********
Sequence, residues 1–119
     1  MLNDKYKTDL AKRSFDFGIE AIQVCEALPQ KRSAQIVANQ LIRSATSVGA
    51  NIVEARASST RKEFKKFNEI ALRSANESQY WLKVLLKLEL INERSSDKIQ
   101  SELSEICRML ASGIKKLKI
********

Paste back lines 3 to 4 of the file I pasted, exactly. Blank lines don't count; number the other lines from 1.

    51  NIVEARASST RKEFKKFNEI ALRSANESQY WLKVLLKLEL INERSSDKIQ
   101  SELSEICRML ASGIKKLKI